Let’s look at the things some other people are doing.
The evening light this time of year just sends me over the moon.
On the negative side: insomnia two nights in a row. And Xopher snapped at me tonight. I envy Kate’s life. She isn’t married.
There is absolutely no doubt in my mind that this is where I want to spend as much of my retirement as possible.
Above, the view from my window as I measure out my rug warp. You can hear them mooing from time to time.
The spot has beautiful hilltop views all around. Kate’s house is an idyllic little farmhouse. Kate runs the weaving school. I envy her life.
From the department of “Well I Should Hope So,” a perfect day drinking blood-orange gose with the cedar waxwings out back at Hogback Mountain Brewing, then biking the awe-inspiring Bristol-Monkton road, got my mojo working again. The Vermont biking just stones me to my soul. Stones me just like jelly roll.
Today I’m prepping for weaving school – trying to get a head start on what the warp will look like, even though I know they will spell it all out for me when I get there; and refreshing my memory on some of their tips and tricks. Glad I bought the handbook.
Look forward to some gorgeous weaving pix this week!
So X has been taking apart the Prius bit by bit, because there is a terrible mouse smell in it. We brought it to the mechanic to see if they could remove the dash and clean the vents, but they told us it wasn’t coming from the vents, so we don’t know what to do. Since in this state it is a total loss and probably a health hazard, I told X he could just rip it apart, take an axe to it if he’d like, and get his frustrations out and maybe solve the problem in the process if we’re lucky.
Today is a stunner of a day – dry, high sixties – and we are going bike&brewing. I’m in the middle of a 2 week vacation. Life’s perfect and yet I’ve had this low level depression. X has too, maybe more than usual. He suggested maybe we should get tested for covid. Then he nixed that idea when I started seriously considering it. I don’t know, the ennui of everything being perfect? The ennui of being 52 and having no more mysteries left to solve? Being old? X says there’s nothing more to look forward to. Just tiny joys. I know that when you get old you have to make sure that you still have goals and things to live for. But nothing you can come up with seems important anymore. Struggling to earn a livelihood and gain a footing in the world, that was important. The sheep & wool fair, I don’t know.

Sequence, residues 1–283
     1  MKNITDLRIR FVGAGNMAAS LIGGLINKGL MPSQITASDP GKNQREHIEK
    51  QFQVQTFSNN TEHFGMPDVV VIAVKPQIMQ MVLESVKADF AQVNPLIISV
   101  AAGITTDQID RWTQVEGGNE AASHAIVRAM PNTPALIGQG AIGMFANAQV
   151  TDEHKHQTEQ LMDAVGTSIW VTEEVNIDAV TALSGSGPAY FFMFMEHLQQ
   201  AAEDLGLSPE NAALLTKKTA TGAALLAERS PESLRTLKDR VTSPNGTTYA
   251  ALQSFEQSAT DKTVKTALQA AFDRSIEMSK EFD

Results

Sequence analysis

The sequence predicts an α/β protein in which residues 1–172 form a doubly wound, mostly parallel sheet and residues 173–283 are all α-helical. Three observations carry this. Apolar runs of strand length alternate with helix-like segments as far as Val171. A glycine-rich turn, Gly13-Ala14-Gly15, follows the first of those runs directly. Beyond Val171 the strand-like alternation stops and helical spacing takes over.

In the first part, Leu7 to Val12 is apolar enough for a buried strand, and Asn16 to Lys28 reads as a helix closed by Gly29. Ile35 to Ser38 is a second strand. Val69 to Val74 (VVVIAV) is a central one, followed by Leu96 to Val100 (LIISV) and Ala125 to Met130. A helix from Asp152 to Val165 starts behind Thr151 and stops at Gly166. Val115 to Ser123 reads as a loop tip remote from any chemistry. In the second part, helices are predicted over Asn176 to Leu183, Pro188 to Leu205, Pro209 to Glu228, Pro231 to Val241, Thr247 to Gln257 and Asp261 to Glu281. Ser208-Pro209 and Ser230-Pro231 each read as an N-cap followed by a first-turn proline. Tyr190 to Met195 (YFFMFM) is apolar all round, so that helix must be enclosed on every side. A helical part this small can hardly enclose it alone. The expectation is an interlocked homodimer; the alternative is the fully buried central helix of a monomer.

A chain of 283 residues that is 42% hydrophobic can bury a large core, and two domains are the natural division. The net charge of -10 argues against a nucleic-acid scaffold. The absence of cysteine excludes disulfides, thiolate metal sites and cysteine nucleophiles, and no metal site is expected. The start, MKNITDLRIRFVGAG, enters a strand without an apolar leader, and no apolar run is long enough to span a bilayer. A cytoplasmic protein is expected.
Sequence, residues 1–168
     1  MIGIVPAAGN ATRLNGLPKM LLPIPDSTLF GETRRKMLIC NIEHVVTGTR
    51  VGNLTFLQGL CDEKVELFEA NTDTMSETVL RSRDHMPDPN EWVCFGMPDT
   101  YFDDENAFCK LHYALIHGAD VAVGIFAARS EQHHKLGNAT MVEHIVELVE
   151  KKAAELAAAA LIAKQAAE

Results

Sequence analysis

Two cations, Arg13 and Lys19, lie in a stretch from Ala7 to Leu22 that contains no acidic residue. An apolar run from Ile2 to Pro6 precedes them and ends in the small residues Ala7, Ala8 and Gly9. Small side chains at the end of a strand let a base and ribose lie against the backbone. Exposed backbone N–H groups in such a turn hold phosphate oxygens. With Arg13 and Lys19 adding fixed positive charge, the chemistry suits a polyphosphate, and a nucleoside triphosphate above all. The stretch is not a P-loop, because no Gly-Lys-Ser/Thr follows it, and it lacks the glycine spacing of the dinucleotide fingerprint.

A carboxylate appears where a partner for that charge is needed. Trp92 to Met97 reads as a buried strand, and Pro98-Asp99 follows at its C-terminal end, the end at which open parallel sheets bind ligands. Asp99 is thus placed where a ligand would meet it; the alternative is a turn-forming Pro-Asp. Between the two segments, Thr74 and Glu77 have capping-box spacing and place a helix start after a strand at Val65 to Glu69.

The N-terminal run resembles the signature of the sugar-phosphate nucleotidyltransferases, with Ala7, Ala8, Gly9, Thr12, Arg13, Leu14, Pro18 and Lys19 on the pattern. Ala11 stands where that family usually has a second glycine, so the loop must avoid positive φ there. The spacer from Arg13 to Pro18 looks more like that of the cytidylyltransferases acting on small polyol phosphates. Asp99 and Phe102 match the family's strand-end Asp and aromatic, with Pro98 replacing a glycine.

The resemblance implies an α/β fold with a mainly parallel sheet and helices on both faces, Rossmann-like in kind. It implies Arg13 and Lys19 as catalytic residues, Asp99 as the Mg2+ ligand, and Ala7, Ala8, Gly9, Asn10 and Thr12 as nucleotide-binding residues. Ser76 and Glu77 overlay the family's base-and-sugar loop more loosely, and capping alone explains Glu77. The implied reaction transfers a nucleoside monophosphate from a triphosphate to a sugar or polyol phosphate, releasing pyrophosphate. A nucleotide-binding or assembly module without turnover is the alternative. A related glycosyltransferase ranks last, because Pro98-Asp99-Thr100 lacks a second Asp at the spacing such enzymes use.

Couldn’t resist that.
by Beuna Coburn Carlson
Memoir of growing up on a Wisconsin farm during the depression. A bit repetitive. I liked hearing it from the horse’s mouth.
Don’t worry, the blues & greens are coming.
This respite between birthdaypalooza and weaving school is being spent intensively getting the mohair washed & dyed.
I know to everyone else this is just a really fun story, but for me, it’s my life. Just show some gentleness with regard to my emotions.
by Annie Dillard
“My God what a world. There is no accounting for one second of it.”
That sums it up well. I’ve always been curious to read this one, but I also feared it would be dry nature writing. In fact it is rarely dry and is heavy on philosophizing. Dillard seems to walk through the world in a constant state of astonishment. She will notice a bug seeming slightly askew, and drop to the ground and stare at it for 45 minutes. She is in awe, awe at the profligacy of creation. She also gets herself into a state of high dudgeon over: the seeming waste of life represented by the sheer number of individual creatures who live nasty, brutish, short lives with only a few of their species living to propagate; the amount of general suffering that goes on in the natural world; and the teeming masses of creatures who are parasitic, noxious, or just disgusting.
I don’t find interesting everything that she finds interesting. But I do like philosophy. In addition to the sheer wonder Dillard brings to the table, she also holds forth on what it all means relative to our own place in the universe.
“Thomas Merton wrote, ‘There is always a temptation to diddle around in the contemplative life, making itsy-bitsy statues.’ There is always an enormous temptation in all of life to diddle around making itsy-bitsy friends and meals and journeys for itsy-bitsy years on end.”
“I have often noticed that even a few minutes of self-forgetfulness is tremendously invigorating. I wonder if we do not waste most of our energy just by spending every waking minute saying hello to ourselves.”
“Nature is, above all, profligate. Don’t believe them when they tell you how economical and thrifty nature is, whose leaves return to the soil. Wouldn’t it be cheaper to leave them on the tree in the first place?”
“Spend the afternoon. You can’t take it with you.”
The Italians have a saying, I recently learned: “A fat pope follows a thin pope.”
A good sleep night follows a bad sleep night.
A good neck day follows a bad neck day.
A happy day follows an unhappy day.
So if you’re happy, be happy. And if you’re unhappy, be happy, because tomorrow you’ll probably be happy.